SALEM, Ore. (AP) — Oregon lawmakers in both chambers are making it easier for a large cohort of students to pay for their higher education under two bills they passed Thursday, despite criticism the programs could be too costly or unfairly favor some students over others.

Under a measure that was given overwhelming bipartisan support by senators, some Oregon students would qualify for tuition waivers at community colleges. House lawmakers also gave approval to a contentious bill that allows some students living in the U.S. without legal permission to apply for and receive state financial aid.

Both drew pushback from legislators who said the state's budget couldn't afford the additional costs while others pointed to the limited number of scholarships available to students in the U.S. legally.

Advocates for the community college bill touted a program known as the "last-dollar scholarship," which means the proposal will fill in whatever tuition federal and state dollars don't cover.

Not all students would qualify for the waivers. Some of the stipulations include requiring students to have achieved at least a 2.5 grade point average in high school. They also would have to have applied for and accepted all federal and state grants available to them and would be on the hook for a $50 fee.

"Without any kind of training or any kind of education out of high school, we all know there's only one real path, a path that leads to poverty. And these days poverty is getting pretty expensive," said Beaverton Democrat Sen. Mark Hass, who carried the bill in the Senate.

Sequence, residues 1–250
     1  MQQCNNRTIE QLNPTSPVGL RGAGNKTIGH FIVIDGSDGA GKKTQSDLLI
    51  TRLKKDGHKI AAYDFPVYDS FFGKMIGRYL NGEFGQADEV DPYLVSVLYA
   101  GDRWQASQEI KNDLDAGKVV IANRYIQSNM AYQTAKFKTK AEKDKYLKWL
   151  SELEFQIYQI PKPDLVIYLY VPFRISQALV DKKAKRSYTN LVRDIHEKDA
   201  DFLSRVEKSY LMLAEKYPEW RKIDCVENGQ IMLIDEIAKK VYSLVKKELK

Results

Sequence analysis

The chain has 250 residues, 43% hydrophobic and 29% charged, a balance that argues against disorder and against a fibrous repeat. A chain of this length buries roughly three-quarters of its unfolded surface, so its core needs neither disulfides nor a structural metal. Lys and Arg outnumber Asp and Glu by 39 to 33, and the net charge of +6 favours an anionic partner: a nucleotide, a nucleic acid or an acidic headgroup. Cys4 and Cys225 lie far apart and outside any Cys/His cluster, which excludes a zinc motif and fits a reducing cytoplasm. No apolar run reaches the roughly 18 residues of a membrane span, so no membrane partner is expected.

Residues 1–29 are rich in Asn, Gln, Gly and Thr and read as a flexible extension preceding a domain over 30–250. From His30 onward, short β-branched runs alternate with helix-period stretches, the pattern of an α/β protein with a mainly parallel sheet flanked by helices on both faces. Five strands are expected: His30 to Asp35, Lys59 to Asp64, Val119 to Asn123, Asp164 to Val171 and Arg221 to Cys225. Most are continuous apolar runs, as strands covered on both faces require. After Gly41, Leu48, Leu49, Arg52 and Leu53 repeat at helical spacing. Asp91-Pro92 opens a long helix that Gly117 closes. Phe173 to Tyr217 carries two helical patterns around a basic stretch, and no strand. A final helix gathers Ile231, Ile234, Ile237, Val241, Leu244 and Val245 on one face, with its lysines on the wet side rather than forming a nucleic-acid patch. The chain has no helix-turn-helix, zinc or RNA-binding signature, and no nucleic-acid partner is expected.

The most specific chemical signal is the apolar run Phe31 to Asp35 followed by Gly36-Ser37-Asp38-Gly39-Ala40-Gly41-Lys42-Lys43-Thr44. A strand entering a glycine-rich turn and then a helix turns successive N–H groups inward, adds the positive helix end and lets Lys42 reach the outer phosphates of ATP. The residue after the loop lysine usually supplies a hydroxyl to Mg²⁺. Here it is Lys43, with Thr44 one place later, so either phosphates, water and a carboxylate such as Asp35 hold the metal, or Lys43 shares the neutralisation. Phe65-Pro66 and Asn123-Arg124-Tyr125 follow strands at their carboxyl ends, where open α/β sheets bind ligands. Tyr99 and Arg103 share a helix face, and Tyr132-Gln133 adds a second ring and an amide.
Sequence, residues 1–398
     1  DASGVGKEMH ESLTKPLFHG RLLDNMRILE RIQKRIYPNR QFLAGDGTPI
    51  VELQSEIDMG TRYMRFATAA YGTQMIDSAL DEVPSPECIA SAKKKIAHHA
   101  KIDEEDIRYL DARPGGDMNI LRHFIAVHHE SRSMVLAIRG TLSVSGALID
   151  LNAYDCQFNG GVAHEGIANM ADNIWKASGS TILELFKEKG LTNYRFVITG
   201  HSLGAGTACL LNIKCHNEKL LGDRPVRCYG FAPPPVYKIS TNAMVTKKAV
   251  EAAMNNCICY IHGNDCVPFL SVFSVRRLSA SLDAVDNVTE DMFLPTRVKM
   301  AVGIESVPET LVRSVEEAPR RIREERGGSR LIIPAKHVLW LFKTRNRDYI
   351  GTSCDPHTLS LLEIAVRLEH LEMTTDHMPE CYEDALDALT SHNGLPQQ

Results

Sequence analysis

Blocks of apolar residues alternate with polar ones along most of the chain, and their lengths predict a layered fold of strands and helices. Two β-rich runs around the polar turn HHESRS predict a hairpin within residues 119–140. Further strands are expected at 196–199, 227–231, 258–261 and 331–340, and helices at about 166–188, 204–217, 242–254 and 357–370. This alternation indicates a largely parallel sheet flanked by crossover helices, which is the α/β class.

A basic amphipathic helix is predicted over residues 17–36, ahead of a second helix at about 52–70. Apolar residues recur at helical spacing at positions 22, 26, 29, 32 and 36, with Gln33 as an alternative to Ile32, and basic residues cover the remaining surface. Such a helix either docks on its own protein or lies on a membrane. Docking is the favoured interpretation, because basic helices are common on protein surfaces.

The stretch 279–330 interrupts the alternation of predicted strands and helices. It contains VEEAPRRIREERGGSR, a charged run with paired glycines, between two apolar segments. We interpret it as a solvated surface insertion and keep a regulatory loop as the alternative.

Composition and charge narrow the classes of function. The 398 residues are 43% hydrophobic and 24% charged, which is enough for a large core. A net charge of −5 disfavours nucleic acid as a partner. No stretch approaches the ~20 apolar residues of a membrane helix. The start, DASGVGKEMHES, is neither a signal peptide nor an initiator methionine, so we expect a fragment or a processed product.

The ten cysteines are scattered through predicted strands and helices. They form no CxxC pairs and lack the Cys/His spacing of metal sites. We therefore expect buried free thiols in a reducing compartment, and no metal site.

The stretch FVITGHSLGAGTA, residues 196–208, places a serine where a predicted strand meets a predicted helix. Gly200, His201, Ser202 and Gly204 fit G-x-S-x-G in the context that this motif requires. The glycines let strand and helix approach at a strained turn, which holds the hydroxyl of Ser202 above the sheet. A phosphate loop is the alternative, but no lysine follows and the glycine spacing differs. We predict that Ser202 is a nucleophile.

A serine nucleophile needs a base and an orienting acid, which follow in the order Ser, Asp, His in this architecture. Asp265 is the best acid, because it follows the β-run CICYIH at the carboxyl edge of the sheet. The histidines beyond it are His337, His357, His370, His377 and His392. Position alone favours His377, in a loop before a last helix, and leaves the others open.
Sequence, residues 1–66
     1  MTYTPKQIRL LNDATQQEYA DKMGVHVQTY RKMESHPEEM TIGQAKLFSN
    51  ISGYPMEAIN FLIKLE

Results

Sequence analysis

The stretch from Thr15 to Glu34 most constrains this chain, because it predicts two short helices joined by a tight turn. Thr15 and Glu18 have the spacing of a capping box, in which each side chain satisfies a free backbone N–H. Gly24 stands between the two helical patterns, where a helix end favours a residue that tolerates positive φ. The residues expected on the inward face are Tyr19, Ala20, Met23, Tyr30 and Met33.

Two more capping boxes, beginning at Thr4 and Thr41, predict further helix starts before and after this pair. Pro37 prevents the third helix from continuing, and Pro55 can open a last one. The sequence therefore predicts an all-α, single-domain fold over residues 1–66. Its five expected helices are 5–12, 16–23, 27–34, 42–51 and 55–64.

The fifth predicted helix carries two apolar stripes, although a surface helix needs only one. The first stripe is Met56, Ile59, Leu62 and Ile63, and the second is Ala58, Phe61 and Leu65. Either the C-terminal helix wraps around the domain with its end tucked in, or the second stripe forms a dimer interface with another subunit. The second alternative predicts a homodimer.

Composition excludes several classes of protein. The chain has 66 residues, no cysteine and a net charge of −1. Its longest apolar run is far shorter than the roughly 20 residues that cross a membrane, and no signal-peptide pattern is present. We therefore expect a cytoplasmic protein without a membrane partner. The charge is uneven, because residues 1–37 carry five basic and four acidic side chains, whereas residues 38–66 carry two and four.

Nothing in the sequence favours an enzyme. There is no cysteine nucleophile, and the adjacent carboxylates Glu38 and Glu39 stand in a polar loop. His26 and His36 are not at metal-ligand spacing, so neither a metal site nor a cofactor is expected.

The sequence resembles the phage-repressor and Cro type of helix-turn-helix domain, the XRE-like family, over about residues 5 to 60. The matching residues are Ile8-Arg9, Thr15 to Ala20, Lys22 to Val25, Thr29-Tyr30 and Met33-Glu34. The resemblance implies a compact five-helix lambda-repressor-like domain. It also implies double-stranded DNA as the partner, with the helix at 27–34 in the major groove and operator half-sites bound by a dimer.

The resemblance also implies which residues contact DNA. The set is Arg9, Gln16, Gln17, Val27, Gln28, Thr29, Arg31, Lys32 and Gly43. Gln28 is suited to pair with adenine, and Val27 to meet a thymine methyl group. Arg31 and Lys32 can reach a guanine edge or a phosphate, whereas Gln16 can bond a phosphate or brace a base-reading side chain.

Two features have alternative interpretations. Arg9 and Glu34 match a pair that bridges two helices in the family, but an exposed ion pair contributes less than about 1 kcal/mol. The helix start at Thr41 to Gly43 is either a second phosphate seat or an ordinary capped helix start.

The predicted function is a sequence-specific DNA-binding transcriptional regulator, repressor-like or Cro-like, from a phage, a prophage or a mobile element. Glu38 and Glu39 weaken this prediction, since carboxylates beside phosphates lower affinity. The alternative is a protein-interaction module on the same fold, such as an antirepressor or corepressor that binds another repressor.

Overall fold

Though lawmakers from both sides of the aisle gave the measure their support, some still expressed concern about the state's ability to handle the additional costs.
"I remain deeply concerned that once this bill and its incumbent escalating costs comes into effect it simply isn't going to be sustainable," said Sen. Betsy Johnson, a Scappoose Democrat.

The measure passed 28-1. It now heads to the House.

The student aid bill in the House has also drawn criticism it could put too much strain on the state budget since around 40 percent of the 120,000 students eligible for financial aid actually receive a grant. Lawmakers decided two years ago to allow Oregon high school graduates to pay in-state tuition at public universities regardless of their immigration status, but currently, only legal residents could qualify for state-funded scholarships.

While several Republicans supported the 2013 bill allowing in-state tuition regardless of immigration status, the vote to give them scholarships fell along party lines. Several Republicans who supported in-state tuition measure said they'd told their constituents that the affected students wouldn't be eligible for taxpayer-funded scholarships.

Because there are a limited number of Opportunity Grants, students in the country illegally will claim scholarships that would otherwise go to legal residents, said Rep. Mark Johnson, a Hood River Republican who supported the 2013 bill.

The measure passed 34-25 and now goes to the Senate.